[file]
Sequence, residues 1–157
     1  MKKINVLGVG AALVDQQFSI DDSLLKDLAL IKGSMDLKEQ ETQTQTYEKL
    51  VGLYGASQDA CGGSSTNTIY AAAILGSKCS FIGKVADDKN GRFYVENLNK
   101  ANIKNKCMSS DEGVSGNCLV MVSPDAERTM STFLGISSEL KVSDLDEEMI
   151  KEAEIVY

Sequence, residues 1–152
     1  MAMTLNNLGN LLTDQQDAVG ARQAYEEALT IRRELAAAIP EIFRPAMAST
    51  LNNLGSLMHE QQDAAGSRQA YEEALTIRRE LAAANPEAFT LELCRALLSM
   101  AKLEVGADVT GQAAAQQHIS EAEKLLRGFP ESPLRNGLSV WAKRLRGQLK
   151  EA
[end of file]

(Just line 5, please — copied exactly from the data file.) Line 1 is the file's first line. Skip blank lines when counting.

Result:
   151  KEAEIVY